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The physical characteristics of elite female rugby union players
journal contributionposted on 18.01.2021, 03:17 authored by L Posthumus, C Macgregor, P Winwood, J Tout, L Morton, Matthew DrillerMatthew Driller, N Gill
© 2020 by the authors. Licensee MDPI, Basel, Switzerland. This study explored the anthropometric and body composition characteristics of elite female rugby union players, comparing between and within different playing positions. Thirty elite female rugby union players (25.6 ± 4.3 y, 171.3 ± 7.7 cm, 83.5 ± 13.9 kg) from New Zealand participated in this study. Physical characteristics were assessed using anthropometric (height, body mass, skinfolds) and body composition (dual-energy X-ray absorptiometry) measures. Forwards were significantly taller (p < 0.01; d = 1.34), heavier (p < 0.01; d = 2.19), and possessed greater skinfolds (p < 0.01; d = 1.02) than backs. Forwards also possessed significantly greater total (p < 0.01; d = 1.83–2.25) and regional (p < 0.01; d = 1.50–2.50) body composition measures compared to backs. Healthy bone mineral density values were observed in both forwards and backs, with significantly greater values observed at the arm (p < 0.01; d = 0.92) and femoral neck (p = 0.04; d = 0.77) sites for forwards. Tight-five players were significantly heavier (p = 0.02; d = 1.41) and possessed significantly greater skinfolds (p < 0.01; d = 0.97) than loose-forwards. Tight-five also possessed significantly greater total body composition measures (p < 0.05; d = 0.97–1.77) and significantly greater trunk lean mass (p = 0.04; d = 1.14), trunk fat mass (p <0.01; d = 1.84), and arm fat mass (p = 0.02; d = 1.35) compared to loose-forwards. Specific programming and monitoring for forwards and backs, particularly within forward positional groups, appear important due to such physical characteristic differences.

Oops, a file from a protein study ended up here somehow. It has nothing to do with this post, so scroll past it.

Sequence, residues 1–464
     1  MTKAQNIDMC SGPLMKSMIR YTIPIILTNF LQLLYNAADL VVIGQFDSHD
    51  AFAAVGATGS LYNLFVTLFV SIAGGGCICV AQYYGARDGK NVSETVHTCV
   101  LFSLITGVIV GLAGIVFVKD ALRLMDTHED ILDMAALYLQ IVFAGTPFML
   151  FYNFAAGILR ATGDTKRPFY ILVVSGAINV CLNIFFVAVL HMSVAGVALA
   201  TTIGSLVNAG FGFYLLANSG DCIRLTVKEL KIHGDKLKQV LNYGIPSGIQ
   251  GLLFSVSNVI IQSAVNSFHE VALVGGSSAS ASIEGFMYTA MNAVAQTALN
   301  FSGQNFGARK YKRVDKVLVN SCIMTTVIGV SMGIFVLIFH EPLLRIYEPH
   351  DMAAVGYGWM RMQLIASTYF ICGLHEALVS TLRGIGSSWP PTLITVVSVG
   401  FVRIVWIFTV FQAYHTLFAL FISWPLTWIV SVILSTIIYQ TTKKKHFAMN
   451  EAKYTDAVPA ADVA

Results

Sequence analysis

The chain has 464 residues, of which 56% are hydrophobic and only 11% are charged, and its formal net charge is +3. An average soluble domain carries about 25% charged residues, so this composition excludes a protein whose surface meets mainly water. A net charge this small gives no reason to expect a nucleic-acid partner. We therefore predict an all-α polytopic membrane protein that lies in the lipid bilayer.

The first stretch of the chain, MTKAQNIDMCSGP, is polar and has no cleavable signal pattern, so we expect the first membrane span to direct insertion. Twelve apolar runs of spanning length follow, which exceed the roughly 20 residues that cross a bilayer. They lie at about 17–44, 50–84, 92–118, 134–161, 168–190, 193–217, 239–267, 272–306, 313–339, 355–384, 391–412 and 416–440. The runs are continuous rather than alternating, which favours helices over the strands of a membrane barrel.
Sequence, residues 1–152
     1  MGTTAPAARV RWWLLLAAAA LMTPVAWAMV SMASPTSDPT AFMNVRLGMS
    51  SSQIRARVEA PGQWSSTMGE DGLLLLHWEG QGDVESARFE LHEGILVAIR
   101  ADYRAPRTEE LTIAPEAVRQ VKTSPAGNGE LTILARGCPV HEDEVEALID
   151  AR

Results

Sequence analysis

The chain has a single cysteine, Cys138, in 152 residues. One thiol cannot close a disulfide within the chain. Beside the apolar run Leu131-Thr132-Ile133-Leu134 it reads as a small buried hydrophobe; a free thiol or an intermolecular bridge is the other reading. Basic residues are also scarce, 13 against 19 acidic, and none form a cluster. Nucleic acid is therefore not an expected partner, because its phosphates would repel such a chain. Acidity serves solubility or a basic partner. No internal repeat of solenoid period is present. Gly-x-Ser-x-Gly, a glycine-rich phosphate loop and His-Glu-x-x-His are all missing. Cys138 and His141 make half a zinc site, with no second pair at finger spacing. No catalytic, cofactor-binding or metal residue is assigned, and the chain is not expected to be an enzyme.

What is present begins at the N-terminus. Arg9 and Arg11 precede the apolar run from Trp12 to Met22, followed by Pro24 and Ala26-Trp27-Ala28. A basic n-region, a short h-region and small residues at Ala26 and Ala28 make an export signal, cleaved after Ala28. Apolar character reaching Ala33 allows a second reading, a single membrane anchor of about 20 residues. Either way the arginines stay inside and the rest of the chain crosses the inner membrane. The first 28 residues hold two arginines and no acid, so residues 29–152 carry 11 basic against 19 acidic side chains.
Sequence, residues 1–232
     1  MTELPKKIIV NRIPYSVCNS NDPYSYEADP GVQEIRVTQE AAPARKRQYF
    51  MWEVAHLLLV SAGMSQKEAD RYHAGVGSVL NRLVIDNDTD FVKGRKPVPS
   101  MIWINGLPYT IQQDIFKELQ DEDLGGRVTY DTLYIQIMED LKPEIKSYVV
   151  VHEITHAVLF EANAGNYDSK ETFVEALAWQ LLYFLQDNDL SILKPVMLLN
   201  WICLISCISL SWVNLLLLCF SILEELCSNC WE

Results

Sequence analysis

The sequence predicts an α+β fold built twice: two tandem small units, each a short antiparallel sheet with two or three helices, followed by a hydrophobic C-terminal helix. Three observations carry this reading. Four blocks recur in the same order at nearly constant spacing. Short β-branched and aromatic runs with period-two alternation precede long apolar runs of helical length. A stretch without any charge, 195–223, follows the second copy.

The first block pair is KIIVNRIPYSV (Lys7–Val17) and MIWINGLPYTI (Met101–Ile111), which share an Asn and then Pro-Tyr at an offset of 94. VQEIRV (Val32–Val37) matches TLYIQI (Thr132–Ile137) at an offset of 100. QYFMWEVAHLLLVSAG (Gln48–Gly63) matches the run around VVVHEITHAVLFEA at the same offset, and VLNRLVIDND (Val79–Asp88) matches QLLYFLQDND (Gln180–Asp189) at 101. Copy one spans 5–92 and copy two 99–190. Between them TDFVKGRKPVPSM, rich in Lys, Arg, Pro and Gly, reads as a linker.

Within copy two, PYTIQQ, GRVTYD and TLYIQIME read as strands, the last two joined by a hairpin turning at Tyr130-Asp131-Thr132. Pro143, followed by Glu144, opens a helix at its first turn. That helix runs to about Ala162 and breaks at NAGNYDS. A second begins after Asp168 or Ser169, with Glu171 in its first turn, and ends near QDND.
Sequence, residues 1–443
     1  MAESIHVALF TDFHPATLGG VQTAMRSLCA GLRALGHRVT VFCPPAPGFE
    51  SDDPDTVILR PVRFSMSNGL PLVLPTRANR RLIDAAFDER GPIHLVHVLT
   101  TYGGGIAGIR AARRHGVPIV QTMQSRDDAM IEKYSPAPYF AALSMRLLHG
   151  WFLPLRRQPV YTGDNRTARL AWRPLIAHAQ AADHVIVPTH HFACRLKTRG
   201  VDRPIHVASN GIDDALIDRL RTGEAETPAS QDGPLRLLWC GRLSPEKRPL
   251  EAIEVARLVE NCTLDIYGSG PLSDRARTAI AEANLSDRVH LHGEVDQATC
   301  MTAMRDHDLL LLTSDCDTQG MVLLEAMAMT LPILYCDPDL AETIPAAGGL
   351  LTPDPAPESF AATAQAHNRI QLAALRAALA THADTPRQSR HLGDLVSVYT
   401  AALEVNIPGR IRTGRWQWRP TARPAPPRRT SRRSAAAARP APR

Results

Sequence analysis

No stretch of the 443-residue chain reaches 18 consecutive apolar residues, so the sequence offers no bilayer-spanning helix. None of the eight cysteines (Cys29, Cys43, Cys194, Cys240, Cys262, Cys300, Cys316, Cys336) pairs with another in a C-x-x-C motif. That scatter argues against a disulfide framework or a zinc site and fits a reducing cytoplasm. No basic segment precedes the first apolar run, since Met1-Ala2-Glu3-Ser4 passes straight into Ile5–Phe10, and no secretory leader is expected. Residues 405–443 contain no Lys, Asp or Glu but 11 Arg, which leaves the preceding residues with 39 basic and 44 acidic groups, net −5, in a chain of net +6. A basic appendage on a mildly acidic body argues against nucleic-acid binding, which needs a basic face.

JournalInternational Journal of Environmental Research and Public Health
Pagination10p. (p. 1-10)
Rights StatementThe Author reserves all moral rights over the deposited text and must be credited if any re-use occurs. Documents deposited in OPAL are the Open Access versions of outputs published elsewhere. Changes resulting from the publishing process may therefore not be reflected in this document. The final published version may be obtained via the publisher’s DOI. Please note that additional copyright and access restrictions may apply to the published version.
Science & TechnologyLife Sciences & BiomedicineEnvironmental SciencesPublic, Environmental & Occupational HealthEnvironmental Sciences & Ecologybone mineral densitylean massfat massfat percentageskinfoldsBODY-COMPOSITIONMATCH-PLAYDXAMASSPERFORMANCEHEIGHTTEAMHumansAbsorptiometry, PhotonAnthropometryBody CompositionFootballNew ZealandFemaleToxicology